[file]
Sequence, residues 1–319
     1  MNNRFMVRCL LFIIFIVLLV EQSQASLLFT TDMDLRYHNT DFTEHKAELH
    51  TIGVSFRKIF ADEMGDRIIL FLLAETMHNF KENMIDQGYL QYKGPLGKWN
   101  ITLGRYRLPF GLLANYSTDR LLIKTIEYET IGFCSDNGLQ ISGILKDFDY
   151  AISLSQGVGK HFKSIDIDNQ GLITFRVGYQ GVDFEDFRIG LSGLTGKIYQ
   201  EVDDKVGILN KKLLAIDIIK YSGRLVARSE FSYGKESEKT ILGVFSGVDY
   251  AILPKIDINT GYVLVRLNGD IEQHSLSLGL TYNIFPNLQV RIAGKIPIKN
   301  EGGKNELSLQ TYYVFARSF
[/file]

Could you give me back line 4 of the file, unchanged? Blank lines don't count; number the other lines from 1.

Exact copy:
   101  ITLGRYRLPF GLLANYSTDR LLIKTIEYET IGFCSDNGLQ ISGILKDFDY